The condensed timeline matched with the novella length makes for a very tight story. It’s all about the romance and falling in love at first sight. It was a swoony, pleasantly escapist, and enjoyable read. Published in a novella package, it is not available as a standalone book. I was able to borrow it for free on KindleUnlimited and will mourn its loss when I end my free trial and have to return it.

A complete summary of Laura Florand’s catalogue, with recommendations, can be found here.

Links to my other reviews can be found on my complete reading list of books sorted by author or Author Commentary & The Tallies Shameful which includes the aforementioned observations.

Laura Florand’s Catalogue

Themes: Sincere love gives you the courage and freedom to embrace your true self and someone else’s.

EXCLUSIVELY CONTEMPORARY ROMANCES

L’Amour et Chocolat Series:
All’s Fair in Love and Chocolate – prequel novella, great steam, quick, fun read
The Chocolate Thief – Pretty good, it took me from 99 cents on Kindle to the complete series.
The Chocolate Kiss – A great fairy tale that made me forgive the metaphor.
The Chocolate Rose – Excellent passion, needed just a hint more love story. Very good.
The Chocolate TouchOne of my top 5 of all time, really sweet and intense. LOVE IT.
The Chocolate Heart – The weakest of the group.
The Chocolate Temptation – Steamy, not quite as great, but still enjoyable.
Shadowed Heart – novella follow-up to The Chocolate Heart, meh, but features visits with EVERYONE

Snow-Kissed – Somber novella of a couple finding their way back to each other after loss
Sun Kissed – novella – Main characters in their 50s, which is nice, but I read it for visits with everyone else.

La Vie en Roses Series:
Turning Up the Heat (Daniel/Lea) – prequel novella
A Rose in Winter (Raoul/Allegra) – prequel novella –  Florand can and has done better
The Chocolate Rose (Gabriel/Jolie) – prequel novel I *really* like
Once Upon a Rose (Matt/Layla)  – fun, great light escapism
A Wish Upon Jasmine (Damien/Jess) – not her strongest, it had a lot of promise
A Crown of Bitter Orange (Tristan/Malorie) – not memorable, he’s charming, see above
A Kiss in Lavender (Lucien/Elena) – good, recommended

Paris Nights Series:
All for You (Joss/Celie) – Florand in fine form PLUS Dom and Jaime appear
Chase Me (Chase/Violette) – enjoyable, fantastic banter
Trust Me (Jake/Lina) – Good, not great

La Vie en Roses Series: Once Upon a Rose by Laura Florand

Welcome to my autobuy list, Laura Florand. With her newest contemporary romance, she has guaranteed that I will be making ready and willing contributions to her income for the foreseeable future, pages and reviews unseen. In the first novel in her new series, La Vie en Roses, Florand has again mixed lovely escapism with sincere romance and, for the first time, a wonderful dose of humour. Her books were not previously morose, but this one has a conviviality that just adds to the fun, Once Upon a Rose is a delightful and charming read.

Matt Rosiers is one of 5 cousins who are the owners and caretakers of the family business (more potential heroes, yay!) Growing roses for oil extraction into perfume, you can just imagine how lovely the setting must be. Matt’s valley in Provence, he is very definite about it being his, has been in the family for 400 years, so he is a more than a little taken aback when his elderly aunt gives a house and a small piece of the family land to Layla, some kind of distant family connection he was hitherto unaware of. Big, growly, vulnerable Matt gets wrapped around Layla’s little finger, and she his, in very short order. It’s what Florand does best, or I like best, one of those two, maybe both, she writes fantastic protectors is the heart of the matter, and Matt is no exception.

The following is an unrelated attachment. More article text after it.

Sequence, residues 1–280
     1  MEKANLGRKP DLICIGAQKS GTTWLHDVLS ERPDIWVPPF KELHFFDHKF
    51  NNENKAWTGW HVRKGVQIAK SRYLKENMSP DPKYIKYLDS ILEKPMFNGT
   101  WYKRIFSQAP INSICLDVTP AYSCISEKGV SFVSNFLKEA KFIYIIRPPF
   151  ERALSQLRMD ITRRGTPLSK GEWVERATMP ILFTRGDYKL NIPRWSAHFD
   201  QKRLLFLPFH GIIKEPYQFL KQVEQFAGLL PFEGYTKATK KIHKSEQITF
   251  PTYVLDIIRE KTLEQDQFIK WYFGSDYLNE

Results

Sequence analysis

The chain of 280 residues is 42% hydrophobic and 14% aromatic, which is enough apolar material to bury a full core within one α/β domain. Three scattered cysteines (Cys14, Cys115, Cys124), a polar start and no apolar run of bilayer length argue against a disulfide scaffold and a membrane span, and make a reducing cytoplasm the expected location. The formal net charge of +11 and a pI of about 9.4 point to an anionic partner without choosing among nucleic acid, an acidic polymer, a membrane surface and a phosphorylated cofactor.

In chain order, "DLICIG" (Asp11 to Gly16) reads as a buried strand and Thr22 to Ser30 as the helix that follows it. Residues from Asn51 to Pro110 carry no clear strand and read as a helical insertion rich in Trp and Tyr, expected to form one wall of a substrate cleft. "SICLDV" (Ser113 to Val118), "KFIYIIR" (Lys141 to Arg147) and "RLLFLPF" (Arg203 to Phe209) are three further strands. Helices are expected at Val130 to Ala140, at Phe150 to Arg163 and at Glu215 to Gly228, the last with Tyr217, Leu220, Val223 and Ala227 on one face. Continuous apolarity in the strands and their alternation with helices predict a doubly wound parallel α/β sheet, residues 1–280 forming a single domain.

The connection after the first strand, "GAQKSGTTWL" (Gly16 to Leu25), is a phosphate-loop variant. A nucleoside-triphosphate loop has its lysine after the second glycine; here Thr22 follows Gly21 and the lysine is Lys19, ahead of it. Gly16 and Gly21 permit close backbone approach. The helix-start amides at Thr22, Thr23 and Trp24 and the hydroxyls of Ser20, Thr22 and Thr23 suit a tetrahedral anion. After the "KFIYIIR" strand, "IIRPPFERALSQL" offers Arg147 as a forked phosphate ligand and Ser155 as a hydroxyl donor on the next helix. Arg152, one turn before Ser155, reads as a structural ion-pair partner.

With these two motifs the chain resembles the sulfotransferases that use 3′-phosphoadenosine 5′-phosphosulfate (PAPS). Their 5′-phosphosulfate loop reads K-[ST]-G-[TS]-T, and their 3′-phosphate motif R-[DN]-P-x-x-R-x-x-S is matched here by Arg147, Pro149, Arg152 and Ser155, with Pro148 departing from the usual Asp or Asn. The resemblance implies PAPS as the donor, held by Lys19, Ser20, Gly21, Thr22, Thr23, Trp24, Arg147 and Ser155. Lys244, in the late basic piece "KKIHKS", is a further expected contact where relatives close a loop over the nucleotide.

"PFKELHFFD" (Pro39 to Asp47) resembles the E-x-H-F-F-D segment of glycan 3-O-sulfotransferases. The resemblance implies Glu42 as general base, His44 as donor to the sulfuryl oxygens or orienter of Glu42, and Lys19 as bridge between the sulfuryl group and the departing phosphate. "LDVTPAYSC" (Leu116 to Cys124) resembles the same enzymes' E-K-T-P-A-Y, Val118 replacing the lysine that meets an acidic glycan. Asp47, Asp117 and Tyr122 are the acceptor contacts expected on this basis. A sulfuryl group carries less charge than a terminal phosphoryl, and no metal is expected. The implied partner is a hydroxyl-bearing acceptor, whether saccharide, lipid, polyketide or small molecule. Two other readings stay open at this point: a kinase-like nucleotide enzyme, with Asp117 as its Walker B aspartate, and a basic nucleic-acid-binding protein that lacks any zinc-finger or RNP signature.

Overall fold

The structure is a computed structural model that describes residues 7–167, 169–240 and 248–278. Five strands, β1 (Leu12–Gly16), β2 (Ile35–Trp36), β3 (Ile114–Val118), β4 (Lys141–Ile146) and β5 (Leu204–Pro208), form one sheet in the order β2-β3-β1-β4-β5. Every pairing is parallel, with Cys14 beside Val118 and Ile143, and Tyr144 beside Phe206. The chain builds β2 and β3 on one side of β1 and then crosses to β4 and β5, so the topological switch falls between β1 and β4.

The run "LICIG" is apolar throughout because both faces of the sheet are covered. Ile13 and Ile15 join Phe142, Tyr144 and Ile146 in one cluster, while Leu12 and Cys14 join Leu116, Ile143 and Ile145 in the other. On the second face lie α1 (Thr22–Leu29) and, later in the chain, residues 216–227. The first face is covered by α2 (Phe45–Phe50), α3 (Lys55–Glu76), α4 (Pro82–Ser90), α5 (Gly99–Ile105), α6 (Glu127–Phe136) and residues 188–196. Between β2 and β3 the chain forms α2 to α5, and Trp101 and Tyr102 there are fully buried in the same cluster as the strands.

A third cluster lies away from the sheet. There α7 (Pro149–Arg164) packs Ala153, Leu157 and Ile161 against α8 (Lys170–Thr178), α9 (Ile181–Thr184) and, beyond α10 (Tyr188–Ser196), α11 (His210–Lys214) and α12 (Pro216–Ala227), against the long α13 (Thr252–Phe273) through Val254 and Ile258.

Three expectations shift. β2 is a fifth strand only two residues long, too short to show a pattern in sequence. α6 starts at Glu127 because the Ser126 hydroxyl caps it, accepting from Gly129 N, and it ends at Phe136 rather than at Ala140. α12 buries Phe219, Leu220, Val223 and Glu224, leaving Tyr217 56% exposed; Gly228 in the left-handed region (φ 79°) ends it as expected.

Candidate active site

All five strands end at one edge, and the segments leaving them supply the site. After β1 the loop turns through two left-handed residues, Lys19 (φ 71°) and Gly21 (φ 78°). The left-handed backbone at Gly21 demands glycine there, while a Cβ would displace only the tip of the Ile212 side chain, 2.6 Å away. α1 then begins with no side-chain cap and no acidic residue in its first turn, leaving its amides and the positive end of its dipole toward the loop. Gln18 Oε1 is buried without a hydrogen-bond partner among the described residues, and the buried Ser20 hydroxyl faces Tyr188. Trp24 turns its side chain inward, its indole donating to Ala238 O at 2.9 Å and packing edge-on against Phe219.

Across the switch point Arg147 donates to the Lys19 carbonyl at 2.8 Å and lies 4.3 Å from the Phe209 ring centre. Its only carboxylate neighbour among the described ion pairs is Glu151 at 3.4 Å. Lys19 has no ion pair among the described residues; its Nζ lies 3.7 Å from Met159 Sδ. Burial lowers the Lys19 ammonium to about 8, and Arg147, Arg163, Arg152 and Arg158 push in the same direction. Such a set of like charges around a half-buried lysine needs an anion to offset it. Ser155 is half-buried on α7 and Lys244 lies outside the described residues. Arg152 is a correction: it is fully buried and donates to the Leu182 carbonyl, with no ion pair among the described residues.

Layla, sweet and open-hearted, is a singer-songwriter transitioning from the success of her first CD to the pressures of matching the accomplishment with her second. Emotionally spent, she has decided to check out the house that has been left to her for reasons she can’t understand, but things go awry when her car breaks down in the hills of Provence. Stranded, she wanders through rose fields to the nearest house to find Matt’s thirtieth birthday party in full swing. Far from sober, Matt decides Layla must be his girlfriend and enthusiastically welcomes her to the fete. Despite this inauspicious beginning, and an embarrassing one for Matt, he and Layla follow the pattern of all of Florand’s protagonists, falling hard and fast with plenty of romance and smolder to keep readers happy.

Once Upon a Rose lived up to the fairy tale enchantment of the title and Florand’s allusive characters, but is not treacly or precious, and a fun way to avoid reality for several hours. She is a very deft writer and I am always amazed by authors who have so clearly found their groove, especially when it fits so neatly in to my reading niche. The settings are so romantic, they are real places, but with an unreality that takes the reader away from its own practicalities (Matt is running a farm after all, no matter how glamourous its harvest) and lets readers be a tourist in a North American’s idealized version of France without annoying the locals.

The Vie en Roses series already includes a book and a novella, the former of which crosses over with Florand’s L’Amour et Chocolat series. A complete summary of Laura Florand’s catalogue, with recommendations, can be found here.

Links to my other reviews can be found on my complete reading list of books sorted by author or Author Commentary & The Tallies Shameful which includes the aforementioned observations.